Solve for the Competing Priorities of Occupant Comfort and Electric Vehicle Range

With the cooler weather, many electric vehicle (EV) owners are preparing their best strategies to maintain a desirable range and keep warm. Sometimes EV owners must bundle up to mitigate HVAC usage to make it to their destination. These strategies are less than desirable, and so OEMs are working hard to minimize this issue with better cabin simulations for better designs. 


Energy consumption in the cabin has a direct relation to the range of the vehicle. Traditional combustion engines can use waste heat to aid in occupant comfort. However, hybrid and electric cars do not have that luxury. The HVAC system and other comfort strategies (heated seats, radiant panels, etc.) drain the battery. Winter temperatures bring about the most significant increase in energy consumption. Winter consumption rates can make it so that EV drivers may have to choose between staying warm and getting to their destination and back. 


Increase in EV HVAC Energy Consumption


Engineers must meet this particularly challenging request— designing an electric vehicle that is both energy efficient and comfortable for the occupant. Simulation has come a long way to assist engineers in their design trials. Gamma Technologies and ThermoAnalytics have created a co-simulation that enables engineers to validate their model and optimize occupant comfort based on energy consumption.


A vehicle system model (including power train, A/C system, and other subsystems) coupled with a 3D cabin model is required to answer this question. Some engineers rely on only modeling the A/C system or the cabin model alone. With those analyses, you lose the relationship between the occupant comfort and the vehicle's range.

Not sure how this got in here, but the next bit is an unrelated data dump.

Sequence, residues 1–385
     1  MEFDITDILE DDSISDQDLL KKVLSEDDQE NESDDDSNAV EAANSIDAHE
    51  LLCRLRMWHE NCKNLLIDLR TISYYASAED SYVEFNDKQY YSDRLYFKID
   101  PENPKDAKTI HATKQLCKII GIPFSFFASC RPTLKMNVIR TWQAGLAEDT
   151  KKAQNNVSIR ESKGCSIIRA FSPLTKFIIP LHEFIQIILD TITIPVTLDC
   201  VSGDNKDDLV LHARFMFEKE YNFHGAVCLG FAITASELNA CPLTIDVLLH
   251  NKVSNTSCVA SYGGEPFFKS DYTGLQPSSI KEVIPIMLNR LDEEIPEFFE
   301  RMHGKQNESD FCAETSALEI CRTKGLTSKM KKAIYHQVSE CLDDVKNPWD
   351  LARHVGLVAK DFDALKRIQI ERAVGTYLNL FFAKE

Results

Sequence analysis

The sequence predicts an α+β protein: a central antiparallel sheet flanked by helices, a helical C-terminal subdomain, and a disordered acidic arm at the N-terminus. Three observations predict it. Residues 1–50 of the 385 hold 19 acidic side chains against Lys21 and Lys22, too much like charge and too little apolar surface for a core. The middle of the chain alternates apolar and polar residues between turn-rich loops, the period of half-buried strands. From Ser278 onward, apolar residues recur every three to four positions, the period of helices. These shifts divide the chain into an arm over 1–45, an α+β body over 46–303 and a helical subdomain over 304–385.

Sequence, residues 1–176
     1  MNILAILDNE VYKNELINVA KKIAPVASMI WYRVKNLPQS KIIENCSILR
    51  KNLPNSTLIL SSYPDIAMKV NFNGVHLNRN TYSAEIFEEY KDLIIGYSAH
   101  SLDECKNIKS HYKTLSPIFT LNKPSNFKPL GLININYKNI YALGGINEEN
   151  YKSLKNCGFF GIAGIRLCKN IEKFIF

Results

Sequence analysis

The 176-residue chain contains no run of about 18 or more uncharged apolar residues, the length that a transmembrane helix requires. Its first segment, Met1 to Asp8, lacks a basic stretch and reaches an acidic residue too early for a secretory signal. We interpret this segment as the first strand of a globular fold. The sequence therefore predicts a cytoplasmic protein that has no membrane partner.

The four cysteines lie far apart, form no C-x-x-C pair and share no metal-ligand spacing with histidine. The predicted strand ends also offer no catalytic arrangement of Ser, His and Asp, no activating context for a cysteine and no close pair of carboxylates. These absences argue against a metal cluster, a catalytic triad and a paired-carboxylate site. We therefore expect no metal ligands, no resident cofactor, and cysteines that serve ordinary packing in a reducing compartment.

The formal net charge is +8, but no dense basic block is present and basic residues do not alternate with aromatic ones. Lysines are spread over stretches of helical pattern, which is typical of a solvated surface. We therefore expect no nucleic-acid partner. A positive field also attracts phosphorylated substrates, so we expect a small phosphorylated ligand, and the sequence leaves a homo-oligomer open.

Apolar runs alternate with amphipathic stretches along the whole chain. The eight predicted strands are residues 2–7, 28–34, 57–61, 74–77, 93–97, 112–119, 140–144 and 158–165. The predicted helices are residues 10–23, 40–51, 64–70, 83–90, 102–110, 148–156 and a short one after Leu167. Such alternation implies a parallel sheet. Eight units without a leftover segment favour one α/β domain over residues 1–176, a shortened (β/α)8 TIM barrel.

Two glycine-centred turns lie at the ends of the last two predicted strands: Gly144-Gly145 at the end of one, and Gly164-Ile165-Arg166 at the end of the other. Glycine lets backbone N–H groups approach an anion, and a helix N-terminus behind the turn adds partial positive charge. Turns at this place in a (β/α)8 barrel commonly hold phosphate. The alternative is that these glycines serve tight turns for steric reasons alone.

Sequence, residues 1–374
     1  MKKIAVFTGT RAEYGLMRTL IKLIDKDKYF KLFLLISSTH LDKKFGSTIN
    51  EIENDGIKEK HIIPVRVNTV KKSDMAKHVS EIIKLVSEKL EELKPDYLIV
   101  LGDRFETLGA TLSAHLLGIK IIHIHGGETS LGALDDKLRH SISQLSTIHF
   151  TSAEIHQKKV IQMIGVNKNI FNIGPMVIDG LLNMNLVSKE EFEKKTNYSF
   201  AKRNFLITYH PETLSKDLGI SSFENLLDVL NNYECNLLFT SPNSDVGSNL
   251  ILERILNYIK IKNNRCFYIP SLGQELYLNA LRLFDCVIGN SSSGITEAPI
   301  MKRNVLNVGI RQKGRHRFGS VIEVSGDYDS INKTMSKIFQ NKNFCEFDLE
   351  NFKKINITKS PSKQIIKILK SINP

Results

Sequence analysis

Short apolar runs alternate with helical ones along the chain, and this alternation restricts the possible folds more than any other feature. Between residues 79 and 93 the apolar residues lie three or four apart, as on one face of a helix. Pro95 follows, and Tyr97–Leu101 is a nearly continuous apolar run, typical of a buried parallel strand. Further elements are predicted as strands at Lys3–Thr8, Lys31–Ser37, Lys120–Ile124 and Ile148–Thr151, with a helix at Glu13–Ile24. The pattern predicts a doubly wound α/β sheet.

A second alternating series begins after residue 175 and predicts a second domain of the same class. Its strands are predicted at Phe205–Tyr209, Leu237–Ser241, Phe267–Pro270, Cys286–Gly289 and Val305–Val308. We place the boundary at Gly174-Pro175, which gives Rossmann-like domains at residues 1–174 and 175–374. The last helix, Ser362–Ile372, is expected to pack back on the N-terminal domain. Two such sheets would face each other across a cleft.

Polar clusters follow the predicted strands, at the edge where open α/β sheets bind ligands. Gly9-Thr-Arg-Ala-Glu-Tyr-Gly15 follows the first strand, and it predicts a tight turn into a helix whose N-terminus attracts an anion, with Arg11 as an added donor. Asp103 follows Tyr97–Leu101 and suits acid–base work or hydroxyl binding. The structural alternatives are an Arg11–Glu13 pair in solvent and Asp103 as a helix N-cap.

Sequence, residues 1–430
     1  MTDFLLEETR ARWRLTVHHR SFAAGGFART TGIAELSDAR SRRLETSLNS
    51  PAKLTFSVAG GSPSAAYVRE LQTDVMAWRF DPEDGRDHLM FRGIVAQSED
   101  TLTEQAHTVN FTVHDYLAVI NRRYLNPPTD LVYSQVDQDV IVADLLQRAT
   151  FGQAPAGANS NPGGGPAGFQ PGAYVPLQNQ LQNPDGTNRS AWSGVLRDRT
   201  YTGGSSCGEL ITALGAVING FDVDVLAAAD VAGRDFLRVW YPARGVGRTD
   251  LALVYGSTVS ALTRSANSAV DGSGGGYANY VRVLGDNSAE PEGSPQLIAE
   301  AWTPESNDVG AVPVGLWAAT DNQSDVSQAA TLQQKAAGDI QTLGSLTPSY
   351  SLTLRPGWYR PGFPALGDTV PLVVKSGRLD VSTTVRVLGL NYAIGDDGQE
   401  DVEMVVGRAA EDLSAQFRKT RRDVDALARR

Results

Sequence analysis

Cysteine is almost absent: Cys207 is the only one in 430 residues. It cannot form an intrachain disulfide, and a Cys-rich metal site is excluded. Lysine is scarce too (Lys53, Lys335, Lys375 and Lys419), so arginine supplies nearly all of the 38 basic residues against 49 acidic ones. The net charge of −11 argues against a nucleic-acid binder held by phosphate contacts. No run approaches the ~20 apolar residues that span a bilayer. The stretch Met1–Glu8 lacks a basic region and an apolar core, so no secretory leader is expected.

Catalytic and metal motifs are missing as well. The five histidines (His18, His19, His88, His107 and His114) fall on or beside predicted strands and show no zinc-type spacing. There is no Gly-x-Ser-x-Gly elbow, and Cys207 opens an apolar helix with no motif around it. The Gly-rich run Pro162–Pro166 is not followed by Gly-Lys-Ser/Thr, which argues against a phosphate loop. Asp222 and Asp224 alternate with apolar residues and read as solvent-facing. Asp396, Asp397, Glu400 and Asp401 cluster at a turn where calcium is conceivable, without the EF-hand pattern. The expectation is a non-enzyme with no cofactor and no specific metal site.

Your model will have remarkable accuracy with a detailed CFD approach, but the calculation time will be arduous. A simple 0D method will give you a fast run time, but you will not have the accuracy you need. The co-simulation method offers a 'Goldilocks' approach that offers adequate accuracy and respectable run times.

GT-SUITE and TAITherm Coupling Method for Transient Cabin Simulation

Buyens, Nick, et al. “GT-SUITE and TAITherm Coupling Methodology for Transient Cabin Simulation Using 3D CFD Data.” European GT-SUITE Conference 2019. 2019.


The 'Goldilocks' approach is a standard GT-SUITE and TAITherm co-simulation process that uses 3D CFD data. An engineer would use a workflow such as:

  1. Begin with geometry
  2. Bring the CAD data into CFD and create the CFD model as well as a simplified mesh for the thermal structure
  3. Then, assign material properties to the TAITherm model
  4. Generate a CFD map and export as an ENSIGHT case file
  5. Read the ENSIGHT file into GT-SUITE


The data in the ENSIGHT file allows the engineer to create a map where they can take 3-10 different flow cases into GT-SUITE and interpolate between them to get something similar to the CFD solution much faster. ENSIGHT data is used to reconstruct the flow field. Each one of these files is created for each case run in CFD. 

Cabin Comfort Simulation with Occupant


The co-simulation passes the near wall fluid temperatures and heat transfer coefficients to TAITherm, TAITherm passes a wall temperature back, then the simulation is run in 2x real-time. This co-simulation process automatically happens when GT-SUITE is given the ENSIGHT file, and then the engineer points to the TAITherm model. 


This process enables engineers to run a design faster than traditional CFD methods with minimal impacts on accuracy. However, this process does require additional tools and multiple models that engineers would need to learn. 


Other tools, such as the Human Thermal Extension developed by ThermoAnalytics, would allow engineers to use occupant comfort as a design target instead of air temperature. These new simulation methods help engineers solve competing priorities and help OEMs stay ahead of the curve.


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